Then you could still ride around on light trails\hop kerbs!
    I don't like the thought of a CF fork going offroad\bunnyhopping.

  14. #14
    I couldn't car less. jeff williams's Avatar
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    Hmmm.....maybe with a steel fork (steel is tensile and will soak a little shock), but the frame is AL with skinny tires -and might\will be a little harsh for vibes - A CF seatpost instead?

  15. #15
    DEADBEEF khuon's Avatar
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    For road biking, nothing beats a pure roadbike... with some caveats of course. However, converting a MTB for road use can be done cost-effectively and you can still save up for a roadbike.

    A CF seatpost will do very little. My suggestion would be a rigid Tange cro-mo fork for around $30 or a Kona Project 2 for around $45. Make sure you get one that's suspension corrected and roughly matches your current axle-to-crown. For tyres, I'd get some 1" slicks as others have suggested. You can usually find pretty decent ones for around $15 each. If you want a little bit of suspension for your butt, you might consider a saddle with a titanium rail. They can be had for as little as $75-$85. You might also want to get some bar-ends if you don't already have them. They'll help with hand positioning. Also check out Road-Ends from Endless Innovations. They're sold out of the original but someone mentioned that their next generation version should be shipping soon.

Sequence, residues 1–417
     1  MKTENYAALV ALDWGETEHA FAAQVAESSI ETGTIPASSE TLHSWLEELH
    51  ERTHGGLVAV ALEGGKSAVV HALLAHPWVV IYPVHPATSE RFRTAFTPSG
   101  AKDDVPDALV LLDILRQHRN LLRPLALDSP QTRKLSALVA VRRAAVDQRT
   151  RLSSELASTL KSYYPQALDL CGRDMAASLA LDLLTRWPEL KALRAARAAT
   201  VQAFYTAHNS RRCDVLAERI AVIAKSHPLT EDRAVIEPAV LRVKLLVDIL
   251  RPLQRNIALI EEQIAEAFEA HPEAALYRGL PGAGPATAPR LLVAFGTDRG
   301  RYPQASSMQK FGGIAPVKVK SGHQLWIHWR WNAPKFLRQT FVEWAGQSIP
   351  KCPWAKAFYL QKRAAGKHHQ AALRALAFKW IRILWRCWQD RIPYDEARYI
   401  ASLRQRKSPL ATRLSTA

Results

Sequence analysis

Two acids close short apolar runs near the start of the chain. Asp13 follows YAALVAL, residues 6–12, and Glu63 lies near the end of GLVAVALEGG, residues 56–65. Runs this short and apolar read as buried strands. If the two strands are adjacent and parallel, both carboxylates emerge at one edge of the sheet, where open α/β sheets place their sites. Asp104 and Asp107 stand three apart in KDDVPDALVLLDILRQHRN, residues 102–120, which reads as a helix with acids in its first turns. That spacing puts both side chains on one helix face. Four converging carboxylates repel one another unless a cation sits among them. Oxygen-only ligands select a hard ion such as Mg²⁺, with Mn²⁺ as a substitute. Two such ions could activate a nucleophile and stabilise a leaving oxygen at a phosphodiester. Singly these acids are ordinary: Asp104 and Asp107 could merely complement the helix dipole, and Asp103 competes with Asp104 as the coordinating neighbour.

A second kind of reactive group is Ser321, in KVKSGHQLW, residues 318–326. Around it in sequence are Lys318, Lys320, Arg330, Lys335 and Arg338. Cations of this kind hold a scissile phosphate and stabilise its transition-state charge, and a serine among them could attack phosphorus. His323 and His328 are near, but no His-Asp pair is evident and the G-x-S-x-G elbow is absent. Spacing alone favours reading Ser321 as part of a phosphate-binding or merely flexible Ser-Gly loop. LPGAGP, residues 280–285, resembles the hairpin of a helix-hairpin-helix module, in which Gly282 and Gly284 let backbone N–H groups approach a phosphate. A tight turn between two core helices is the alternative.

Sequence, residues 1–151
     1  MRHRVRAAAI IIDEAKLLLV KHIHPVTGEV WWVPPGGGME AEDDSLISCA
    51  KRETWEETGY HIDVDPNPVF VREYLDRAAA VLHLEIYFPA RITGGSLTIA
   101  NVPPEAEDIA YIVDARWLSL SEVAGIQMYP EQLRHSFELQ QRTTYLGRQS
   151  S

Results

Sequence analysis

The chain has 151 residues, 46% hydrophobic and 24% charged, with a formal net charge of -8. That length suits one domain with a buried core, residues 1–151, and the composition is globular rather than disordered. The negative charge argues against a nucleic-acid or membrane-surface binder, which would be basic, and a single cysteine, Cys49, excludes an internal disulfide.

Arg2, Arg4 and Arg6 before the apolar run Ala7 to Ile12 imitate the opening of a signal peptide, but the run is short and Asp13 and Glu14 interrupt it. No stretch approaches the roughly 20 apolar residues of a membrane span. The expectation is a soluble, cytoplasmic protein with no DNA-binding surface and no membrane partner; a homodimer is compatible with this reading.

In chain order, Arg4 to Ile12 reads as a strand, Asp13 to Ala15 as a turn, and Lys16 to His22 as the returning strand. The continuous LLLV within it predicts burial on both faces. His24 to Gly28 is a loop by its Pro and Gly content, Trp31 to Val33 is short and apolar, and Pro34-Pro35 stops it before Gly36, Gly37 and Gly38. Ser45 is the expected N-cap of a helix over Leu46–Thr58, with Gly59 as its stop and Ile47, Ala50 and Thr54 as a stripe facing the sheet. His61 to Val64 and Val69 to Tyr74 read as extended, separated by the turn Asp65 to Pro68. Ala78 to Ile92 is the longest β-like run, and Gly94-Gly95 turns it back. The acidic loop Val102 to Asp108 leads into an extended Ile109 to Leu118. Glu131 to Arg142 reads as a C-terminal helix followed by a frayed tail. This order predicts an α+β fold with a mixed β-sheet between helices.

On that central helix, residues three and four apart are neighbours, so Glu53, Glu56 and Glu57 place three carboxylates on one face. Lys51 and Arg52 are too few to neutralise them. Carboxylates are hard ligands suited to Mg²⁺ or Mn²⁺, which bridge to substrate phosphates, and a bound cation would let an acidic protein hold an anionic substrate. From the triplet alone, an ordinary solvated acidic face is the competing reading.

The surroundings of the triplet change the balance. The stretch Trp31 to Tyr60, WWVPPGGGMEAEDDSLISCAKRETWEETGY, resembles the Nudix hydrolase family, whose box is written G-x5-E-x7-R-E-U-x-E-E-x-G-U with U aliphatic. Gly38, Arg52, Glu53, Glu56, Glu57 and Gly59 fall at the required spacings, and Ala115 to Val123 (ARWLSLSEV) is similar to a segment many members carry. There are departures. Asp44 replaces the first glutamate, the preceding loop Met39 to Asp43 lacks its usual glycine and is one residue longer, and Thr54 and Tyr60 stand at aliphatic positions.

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  16. #16
    DEADBEEF khuon's Avatar
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    Quote Originally Posted by jeff williams
    I don't like the thought of a CF fork going offroad\bunnyhopping.
    The cyclocrossers don't seem to have a problem with it. I'm also still alive and well as is my CF fork. However, for purposes of this thread, I would recommend against a CF fork for budgetary reasons.
    1999 K2 OzM 2001 Aegis Aro Svelte OCP Club Member
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  17. #17
    I couldn't car less. jeff williams's Avatar
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    Quote Originally Posted by khuon